13 cm stone removed from woman's kidney | delhi | Hindustan Times
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13 cm stone removed from woman's kidney

delhi Updated: Jul 03, 2011 23:56 IST
Rhythma Kaul
Rhythma Kaul
Hindustan Times
Highlight Story

Even a simple urinary tract infection, if ignored, can give you a kidney stone capable of damaging the organ beyond repair.

Pushplata Guliani, 41, learnt it the hard way.

Doctors at the Fortis Hospital in Vasant Kunj removed a 13cm stone - as large as the size of a normal kidney itself - from her right kidney last month.

The stone, called staghorn stone due to its irregular shape, filled the entire kidney.

"Stones of such large sizes do not develop overnight; they take a few years to form. In her case, the stone was undetected because she was completely asymptomatic," said Dr Anshuman Agarwal, senior consultant, department of urology, Fortis. It was during a routine x-ray last month that the kidney stone was detected.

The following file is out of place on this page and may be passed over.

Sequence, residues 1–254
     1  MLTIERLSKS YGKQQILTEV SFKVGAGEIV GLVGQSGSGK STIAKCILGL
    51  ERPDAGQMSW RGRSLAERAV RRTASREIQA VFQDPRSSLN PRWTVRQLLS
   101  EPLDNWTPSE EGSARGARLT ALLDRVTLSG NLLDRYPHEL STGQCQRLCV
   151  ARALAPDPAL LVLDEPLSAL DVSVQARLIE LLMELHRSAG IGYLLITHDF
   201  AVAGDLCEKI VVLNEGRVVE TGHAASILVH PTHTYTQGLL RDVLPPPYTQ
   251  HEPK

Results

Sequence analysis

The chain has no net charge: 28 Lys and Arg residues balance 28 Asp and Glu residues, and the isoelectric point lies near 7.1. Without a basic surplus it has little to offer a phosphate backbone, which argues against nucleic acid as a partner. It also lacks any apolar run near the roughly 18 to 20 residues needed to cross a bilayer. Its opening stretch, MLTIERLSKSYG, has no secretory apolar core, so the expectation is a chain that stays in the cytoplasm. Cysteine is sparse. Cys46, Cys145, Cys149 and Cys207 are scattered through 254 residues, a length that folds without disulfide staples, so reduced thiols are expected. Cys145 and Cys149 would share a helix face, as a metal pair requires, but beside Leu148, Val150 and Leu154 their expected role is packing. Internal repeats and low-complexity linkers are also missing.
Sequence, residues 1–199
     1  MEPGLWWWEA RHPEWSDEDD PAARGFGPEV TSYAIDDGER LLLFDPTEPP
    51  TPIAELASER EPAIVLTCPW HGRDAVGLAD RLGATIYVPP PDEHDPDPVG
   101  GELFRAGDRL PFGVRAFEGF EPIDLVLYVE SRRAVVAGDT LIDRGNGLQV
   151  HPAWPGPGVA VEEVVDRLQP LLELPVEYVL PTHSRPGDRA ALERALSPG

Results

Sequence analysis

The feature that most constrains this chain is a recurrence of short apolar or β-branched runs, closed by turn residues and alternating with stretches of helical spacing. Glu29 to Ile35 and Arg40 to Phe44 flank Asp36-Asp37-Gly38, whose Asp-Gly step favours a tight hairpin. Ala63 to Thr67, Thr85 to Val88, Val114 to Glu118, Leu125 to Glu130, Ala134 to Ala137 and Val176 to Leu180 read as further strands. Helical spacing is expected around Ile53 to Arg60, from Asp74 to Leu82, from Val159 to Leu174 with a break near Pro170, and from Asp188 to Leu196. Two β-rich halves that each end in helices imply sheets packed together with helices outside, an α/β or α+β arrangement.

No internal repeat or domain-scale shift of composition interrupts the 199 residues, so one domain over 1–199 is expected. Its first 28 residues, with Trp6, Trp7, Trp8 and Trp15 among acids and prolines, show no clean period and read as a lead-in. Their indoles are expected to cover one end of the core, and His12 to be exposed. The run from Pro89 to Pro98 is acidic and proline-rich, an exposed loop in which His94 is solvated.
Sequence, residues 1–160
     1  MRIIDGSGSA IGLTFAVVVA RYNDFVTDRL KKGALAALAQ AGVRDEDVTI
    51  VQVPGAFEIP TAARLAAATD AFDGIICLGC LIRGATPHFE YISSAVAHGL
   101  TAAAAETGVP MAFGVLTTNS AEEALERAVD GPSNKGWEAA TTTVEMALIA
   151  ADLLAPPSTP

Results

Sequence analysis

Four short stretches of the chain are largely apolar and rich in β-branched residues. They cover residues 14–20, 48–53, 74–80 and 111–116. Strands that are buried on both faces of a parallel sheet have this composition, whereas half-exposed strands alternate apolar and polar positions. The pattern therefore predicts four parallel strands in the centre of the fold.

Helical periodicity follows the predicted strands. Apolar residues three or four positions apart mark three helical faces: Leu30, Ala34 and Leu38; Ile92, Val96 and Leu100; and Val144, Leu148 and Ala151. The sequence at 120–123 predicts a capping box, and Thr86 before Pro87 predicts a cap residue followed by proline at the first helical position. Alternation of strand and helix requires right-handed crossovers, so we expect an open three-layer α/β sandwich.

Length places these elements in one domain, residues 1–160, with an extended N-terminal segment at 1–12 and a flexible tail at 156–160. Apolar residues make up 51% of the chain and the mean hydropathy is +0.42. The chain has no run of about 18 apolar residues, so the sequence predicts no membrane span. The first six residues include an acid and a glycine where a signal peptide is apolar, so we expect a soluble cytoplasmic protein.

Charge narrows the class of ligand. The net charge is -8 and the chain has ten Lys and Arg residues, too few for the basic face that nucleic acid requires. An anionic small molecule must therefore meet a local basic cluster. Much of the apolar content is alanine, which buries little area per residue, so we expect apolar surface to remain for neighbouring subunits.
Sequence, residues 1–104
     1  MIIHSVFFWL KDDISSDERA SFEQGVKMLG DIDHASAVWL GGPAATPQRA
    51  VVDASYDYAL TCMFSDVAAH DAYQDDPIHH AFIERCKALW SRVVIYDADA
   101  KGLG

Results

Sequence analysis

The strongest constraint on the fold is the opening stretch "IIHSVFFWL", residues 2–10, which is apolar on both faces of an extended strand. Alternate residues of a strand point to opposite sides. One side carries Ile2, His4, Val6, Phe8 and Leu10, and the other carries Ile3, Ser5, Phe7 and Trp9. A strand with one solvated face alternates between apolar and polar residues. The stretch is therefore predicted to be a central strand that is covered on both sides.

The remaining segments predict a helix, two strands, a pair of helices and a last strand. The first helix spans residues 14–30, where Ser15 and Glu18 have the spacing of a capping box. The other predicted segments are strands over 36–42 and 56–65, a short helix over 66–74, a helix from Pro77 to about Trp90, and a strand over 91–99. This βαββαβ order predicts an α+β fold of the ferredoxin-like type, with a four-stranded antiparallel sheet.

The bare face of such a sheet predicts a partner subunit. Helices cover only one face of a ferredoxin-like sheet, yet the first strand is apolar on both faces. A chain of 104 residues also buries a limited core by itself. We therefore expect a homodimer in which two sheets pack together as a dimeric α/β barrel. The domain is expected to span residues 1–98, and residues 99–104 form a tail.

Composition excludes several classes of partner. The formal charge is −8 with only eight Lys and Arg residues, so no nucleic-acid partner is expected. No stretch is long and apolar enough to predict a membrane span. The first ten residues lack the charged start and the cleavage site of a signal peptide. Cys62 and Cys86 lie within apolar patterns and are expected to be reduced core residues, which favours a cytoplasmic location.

"I thought of undergoing preventive tests after I crossed 40. I was surprised to see such a big stone in the x-ray, as I had no sensation whatsoever," said Guliani.

Due to the abnormally large size of the stone, doctors advised her to undergo immediate surgery. The technique that was used is called percutaneous nephrostolithotomy (PCNL), which is for removal of large stones using a keyhole approach.

Four holes of about a centimetre in size were made in her lower back. The holes were used to insert a telescope, laser equipment, equipment to drill holes inside the kidney and drain tubes. The surgery was done in two stages, with a gap of one day in between because of the size of stone and to reduce infection load.

After drilling the hole in the kidney, the stone was crushed using a laser.

"Sixty per cent of the crushed stone was taken out in the first stage and the remaining removed in the final stage. We had to wait for the infection to settle down," said Dr Agarwal.

Earlier, people would get a nine-inch cut for a surgery like this, but with advancement in surgical technology, the operation is possible through small incisions.

One-cm holes do not even require stitches and heal gradually over a period of time. The four-day hospital stay and surgery cost Guliani R1.2 lakh.

"Even a simple urine infection can be a reason for stones that can damage your kidney. Symptoms such as pain, blood in urine, heaviness at the back, burning sensation while passing urine should not be ignored," added Dr Agarwal.